As Prepared for Delivery
“I want to welcome everyone to today’s hearing. We’re here today to talk about worker misclassification, an issue of critical importance to millions of working men and women across the country.
“We all know that these are very difficult times for our economy, especially for working families. Millions of Americans are now living paycheck to paycheck, and employees across the nation are working hard but still struggling to make ends meet.
“Over the past few years, it has become clear that a few unscrupulous employers are making these challenges even more difficult for their workers by intentionally misclassifying them as ‘independent contractors’ to gain an advantage over their law-abiding competitors. When these companies play games with workers’ rights, everyone loses—workers, taxpayers and responsible businesses that play by the rules.
“Misclassified workers simply don’t receive the same protections under our laws. Basic standards such as the minimum wage, the right to overtime pay, unemployment compensation, workers’ compensation, safety and health laws and antidiscrimination protections don’t apply to independent contractors. That means the construction worker who falls and breaks his leg is denied workers’ compensation, and the truck driver who works 60 hours a week doesn’t receive the overtime pay his family deserves to help cover the rising costs of food and energy.
“Misclassification is also costing the federal and state governments billions of dollars in unpaid revenues, including the payments that support our unemployment insurance and workers’ compensation systems.
“Businesses are hurt by misclassification, too. An employer that misclassifies its workers may be able to outbid employers complying with the law – sometimes by as much as 30 percent. The problem is especially bad in cash industries where workers are often paid 'off the books' – making it virtually impossible to prove that employers are intentionally misclassifying workers and violating their rights. In fact, a 2009 GAO report states that some employers specifically choose to operate on a cash basis because of the ease with which they are able to misclassify their workers.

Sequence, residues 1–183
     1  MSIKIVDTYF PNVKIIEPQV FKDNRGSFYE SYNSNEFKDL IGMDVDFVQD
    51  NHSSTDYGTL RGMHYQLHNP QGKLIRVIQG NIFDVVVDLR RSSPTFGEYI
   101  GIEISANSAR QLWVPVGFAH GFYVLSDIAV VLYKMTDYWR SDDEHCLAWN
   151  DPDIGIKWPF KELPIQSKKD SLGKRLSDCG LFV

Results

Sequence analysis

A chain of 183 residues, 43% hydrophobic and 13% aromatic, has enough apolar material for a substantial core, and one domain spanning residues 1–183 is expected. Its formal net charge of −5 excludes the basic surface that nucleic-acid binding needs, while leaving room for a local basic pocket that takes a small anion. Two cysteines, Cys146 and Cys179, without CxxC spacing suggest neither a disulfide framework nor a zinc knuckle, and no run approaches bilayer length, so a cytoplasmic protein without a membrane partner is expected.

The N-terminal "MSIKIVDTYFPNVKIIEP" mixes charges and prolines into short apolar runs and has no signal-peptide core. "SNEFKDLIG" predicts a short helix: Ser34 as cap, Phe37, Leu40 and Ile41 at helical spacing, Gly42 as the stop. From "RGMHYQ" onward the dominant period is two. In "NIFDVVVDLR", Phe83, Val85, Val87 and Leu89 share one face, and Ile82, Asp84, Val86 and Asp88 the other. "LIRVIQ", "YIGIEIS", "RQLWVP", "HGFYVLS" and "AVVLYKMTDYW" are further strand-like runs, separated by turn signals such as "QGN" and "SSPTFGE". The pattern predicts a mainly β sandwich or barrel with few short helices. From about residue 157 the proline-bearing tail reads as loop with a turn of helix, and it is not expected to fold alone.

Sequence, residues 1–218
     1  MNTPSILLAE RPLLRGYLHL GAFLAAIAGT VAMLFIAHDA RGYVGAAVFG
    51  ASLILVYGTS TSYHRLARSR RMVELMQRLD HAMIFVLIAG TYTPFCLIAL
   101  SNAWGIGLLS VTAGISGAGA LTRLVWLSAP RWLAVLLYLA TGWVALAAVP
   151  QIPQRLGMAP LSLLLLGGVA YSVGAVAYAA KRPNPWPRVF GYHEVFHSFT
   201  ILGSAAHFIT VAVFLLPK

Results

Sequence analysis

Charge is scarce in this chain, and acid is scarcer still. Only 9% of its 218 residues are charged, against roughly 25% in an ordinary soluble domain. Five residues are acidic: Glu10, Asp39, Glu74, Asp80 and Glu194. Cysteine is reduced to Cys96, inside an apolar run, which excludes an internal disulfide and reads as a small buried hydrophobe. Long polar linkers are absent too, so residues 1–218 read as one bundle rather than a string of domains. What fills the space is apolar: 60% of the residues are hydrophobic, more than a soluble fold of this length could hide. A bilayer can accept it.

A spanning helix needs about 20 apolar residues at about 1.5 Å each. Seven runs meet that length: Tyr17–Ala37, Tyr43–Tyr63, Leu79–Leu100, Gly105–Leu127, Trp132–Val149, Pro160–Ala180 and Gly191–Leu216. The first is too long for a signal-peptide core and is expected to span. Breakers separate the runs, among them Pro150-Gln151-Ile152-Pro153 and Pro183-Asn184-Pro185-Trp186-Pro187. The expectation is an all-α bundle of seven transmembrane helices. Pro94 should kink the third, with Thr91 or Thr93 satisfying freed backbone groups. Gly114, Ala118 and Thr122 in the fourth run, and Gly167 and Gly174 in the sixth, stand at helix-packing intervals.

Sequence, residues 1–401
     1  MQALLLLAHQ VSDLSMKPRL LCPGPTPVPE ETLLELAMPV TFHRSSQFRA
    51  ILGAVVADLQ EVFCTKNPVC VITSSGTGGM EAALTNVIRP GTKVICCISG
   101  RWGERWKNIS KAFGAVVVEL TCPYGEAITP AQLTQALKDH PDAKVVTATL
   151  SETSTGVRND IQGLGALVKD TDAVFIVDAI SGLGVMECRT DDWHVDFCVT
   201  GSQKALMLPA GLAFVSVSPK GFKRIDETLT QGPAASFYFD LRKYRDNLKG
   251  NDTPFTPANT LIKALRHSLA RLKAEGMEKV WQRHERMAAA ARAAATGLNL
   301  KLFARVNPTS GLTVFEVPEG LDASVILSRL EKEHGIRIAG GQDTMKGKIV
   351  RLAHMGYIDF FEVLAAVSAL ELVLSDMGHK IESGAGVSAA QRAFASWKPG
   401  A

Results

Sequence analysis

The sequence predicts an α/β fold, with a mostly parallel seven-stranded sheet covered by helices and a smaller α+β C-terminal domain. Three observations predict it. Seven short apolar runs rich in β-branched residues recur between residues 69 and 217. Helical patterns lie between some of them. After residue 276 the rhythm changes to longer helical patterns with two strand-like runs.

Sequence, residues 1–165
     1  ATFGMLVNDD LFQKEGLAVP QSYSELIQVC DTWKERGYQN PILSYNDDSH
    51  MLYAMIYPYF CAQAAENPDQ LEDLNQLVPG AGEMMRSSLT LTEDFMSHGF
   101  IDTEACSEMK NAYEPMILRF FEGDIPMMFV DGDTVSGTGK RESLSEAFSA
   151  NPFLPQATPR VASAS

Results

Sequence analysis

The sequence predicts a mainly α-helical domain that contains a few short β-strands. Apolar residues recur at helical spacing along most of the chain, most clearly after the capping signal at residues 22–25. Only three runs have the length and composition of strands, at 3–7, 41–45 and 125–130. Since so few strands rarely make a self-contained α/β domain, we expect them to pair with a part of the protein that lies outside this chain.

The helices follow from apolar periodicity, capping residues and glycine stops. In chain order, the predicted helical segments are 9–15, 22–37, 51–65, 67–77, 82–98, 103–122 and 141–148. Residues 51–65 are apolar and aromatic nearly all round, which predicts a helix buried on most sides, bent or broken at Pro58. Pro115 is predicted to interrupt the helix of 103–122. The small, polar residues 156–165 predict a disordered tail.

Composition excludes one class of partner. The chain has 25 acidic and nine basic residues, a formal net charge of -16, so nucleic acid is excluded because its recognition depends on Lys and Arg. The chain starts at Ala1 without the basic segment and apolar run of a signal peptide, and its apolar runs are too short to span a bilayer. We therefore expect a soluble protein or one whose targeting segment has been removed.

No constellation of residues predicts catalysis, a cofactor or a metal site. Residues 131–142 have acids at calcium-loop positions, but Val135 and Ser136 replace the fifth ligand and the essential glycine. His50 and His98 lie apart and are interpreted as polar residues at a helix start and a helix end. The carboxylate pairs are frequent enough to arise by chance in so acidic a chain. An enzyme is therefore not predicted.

“That sad truth is that law-abiding employers lose business everyday to scofflaw employers that intentionally misclassify their workers.
“It should never pay to break the law, so we here in Congress have a duty to fix the problem and make sure everyone is competing on a level playing field.
“The scope of the misclassification problem is staggering. There are more than 10.3 million workers in the United States who are treated as independent contractors. That’s roughly 7.3 percent of the workforce. And a Department of Labor study found that as many as 30 percent of businesses misclassified employees as independent contractors.
“For example, in its first year of operation, Iowa’s misclassification program uncovered 182 employers misclassifying 1,565 workers. That amounts to over $27 million in total unreported wages, $1 million in unemployment taxes due, and $340,000 in unemployment penalties and interest.
“It will take a concerted effort by federal and state agencies to solve the misclassification problem. Fortunately, we are off to a good start. In January 2010, the Department of Labor hired more investigators to pursue misclassification. The Internal Revenue Service is also working on a comprehensive nationwide employment tax audit program aimed, in part, to catch companies that improperly fail to withhold taxes and pay Social Security and Medicare premiums on the wages of workers misclassified as independent contractors.
“Many states have also stepped up to the plate and begun cracking down on misclassification. They have already recovered millions of dollars from employers who didn’t pay their fair share to workers and to the states. These leaders deserve great credit for standing up for workers and responsible employers.
“But federal and state agencies can’t do it alone. We also need federal legislation to hold employers accountable for breaking wage and hour laws by misclassifying their workers. That’s why Senator Brown and I introduced the Employee Misclassification Prevention Act.
“This important legislation would go a long way toward protecting workers and their families from unfair misclassification. In particular, it would require employers to tell people whether or not they are being treated as employees and – in some circumstances – to keep records of hours worked and compensation paid. Those are things law-abiding employers are already doing. The law would also give us the tools we need to punish crooked employers that are misclassifying their workers.
“I hope that today’s hearing will be the first step in a bipartisan process to pass legislation to end misclassification once and for all, and I look forward to working with others members of Congress on this issue.”